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Coming Home to Stewardship

A former fellow shares her inspiration

My arrival in Leopold Country that July morning was the perfect homecoming. Except for one tiny detail: I’d never lived there. I felt at home because I was within twenty miles of where my parents and grandparents grew up. The Wisconsin River was in my blood.

I hoped that conservation would also be in my blood after this seasonal land stewardship fellowship. I had never done field work before that summer of 2015. But as a senior majoring in natural resources, I felt sure I knew what “stewardship” meant. When I imagined my future career, I pictured a life of prescribed burns, chainsaw classes, and brush piles. My perspective was about to change over what would be the best six weeks of my life.

Grace Vosen seed collecting

The author seed collecting at the Moely Prairie in Sauk County, WI.

It was a slow time of year for the stewardship crew. They had wrapped up their intensive garlic mustard control season, and it would be months before fall burns began. We spent our days doing many small tasks instead of one big project. I tried everything from assembling water pumps to surveying vegetation, from marking trees for cutting to planting a native garden. When rain kept us in the office, I learned the finer points of writing management plans.

Of these dozens of tasks, there was one that I prized above all. At my other internship that summer, we had collected seed from several prairie plants. I’d so enjoyed getting up-close-and-personal with native species that I made it my personal fellowship project. I kept an eye on the plants around the Leopold Center so I could collect, dry, and clean their seed when it was ready. Species like spiderwort, wild columbine, and prairie cinquefoil became like friends to me. I loved that I could help ensure their future using only my hands.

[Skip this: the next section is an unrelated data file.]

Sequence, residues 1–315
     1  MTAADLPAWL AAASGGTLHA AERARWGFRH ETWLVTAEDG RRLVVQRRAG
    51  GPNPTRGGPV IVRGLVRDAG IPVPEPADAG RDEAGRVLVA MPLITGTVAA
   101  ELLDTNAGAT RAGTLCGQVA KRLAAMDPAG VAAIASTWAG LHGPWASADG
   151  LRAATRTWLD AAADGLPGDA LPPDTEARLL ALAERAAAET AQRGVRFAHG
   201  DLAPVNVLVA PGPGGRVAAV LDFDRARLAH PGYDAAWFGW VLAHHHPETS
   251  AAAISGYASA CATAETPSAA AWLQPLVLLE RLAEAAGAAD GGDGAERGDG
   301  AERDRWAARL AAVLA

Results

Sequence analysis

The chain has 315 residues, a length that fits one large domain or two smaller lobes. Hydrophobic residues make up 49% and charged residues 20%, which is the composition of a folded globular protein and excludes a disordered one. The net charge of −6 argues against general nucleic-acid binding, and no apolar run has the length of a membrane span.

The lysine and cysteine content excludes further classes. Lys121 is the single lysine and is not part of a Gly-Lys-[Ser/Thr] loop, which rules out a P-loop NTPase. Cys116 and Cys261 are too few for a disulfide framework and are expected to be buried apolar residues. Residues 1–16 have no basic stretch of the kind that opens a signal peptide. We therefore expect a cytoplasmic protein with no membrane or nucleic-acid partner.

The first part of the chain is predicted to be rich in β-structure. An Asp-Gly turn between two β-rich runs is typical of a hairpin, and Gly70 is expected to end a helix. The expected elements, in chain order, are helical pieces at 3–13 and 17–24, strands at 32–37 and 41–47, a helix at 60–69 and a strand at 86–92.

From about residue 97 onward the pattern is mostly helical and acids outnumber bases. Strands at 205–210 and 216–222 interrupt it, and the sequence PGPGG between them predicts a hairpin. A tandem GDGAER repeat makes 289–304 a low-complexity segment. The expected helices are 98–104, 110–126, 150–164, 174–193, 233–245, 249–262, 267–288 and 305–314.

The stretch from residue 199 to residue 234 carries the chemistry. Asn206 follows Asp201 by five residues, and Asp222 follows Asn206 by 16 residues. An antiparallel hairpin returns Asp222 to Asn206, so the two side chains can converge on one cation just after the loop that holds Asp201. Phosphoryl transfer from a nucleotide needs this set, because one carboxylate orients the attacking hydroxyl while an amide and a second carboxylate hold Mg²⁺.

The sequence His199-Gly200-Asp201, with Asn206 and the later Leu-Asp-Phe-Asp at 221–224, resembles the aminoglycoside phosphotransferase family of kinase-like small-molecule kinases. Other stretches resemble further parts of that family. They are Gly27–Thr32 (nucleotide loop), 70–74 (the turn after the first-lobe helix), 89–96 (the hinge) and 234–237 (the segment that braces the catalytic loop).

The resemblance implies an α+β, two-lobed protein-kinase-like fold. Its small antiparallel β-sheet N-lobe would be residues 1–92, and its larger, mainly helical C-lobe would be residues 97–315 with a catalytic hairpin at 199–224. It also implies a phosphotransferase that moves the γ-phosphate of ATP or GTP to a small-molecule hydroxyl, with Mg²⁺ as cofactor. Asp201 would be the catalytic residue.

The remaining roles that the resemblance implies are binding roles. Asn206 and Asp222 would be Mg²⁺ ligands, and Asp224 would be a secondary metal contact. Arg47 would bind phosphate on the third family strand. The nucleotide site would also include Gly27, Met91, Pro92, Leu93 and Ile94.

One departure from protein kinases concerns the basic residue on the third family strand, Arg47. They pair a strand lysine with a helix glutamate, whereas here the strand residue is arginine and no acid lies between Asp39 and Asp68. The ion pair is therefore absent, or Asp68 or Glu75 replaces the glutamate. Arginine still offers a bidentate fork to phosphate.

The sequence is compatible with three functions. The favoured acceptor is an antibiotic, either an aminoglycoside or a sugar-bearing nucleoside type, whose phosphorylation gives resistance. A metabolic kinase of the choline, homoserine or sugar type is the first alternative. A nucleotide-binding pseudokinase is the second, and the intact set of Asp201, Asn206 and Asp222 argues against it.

I also enjoyed weeding in the gardens around the Center. Suddenly, I was the first person that visitors met when they arrived to visit the green building or tour the historic Shack property. Some of them asked me what I was pulling and why; others had questions about the property. I gladly answered, proud to be an ambassador of Aldo Leopold’s land.

Focal gardens in bloom outside the Leopold Center.

These two tasks, seed collection and visitor interaction, felt right to me somehow. Yet I resisted the feeling at first. Some of our crew worked in remote parts of the property for ten hours at a time. Was I a real conservationist if all I did was touch plants and talk to people? But it was starting to dawn on me that the word “stewardship” has multiple meanings. The issues facing our planet are too big to be solved by land managers alone. Someone needs to engage and involve the public. Communication and hands-on tasks like seed collecting are tools for doing just that.

My time as a seasonal fellow and my experiences since have confirmed that my greatest passions lie in these two areas. I am determined to use my talents to care for the places I call home. As I wrote in my journal that summer, “I am really beginning to appreciate my role as seed collector… I value my tasks and the way they draw me closer to the heart of this place.”


The Future Leaders Campaign is a $5 million project to expand the fellowship program and cultivate the next generation of conservation leaders. Learn more or donate today!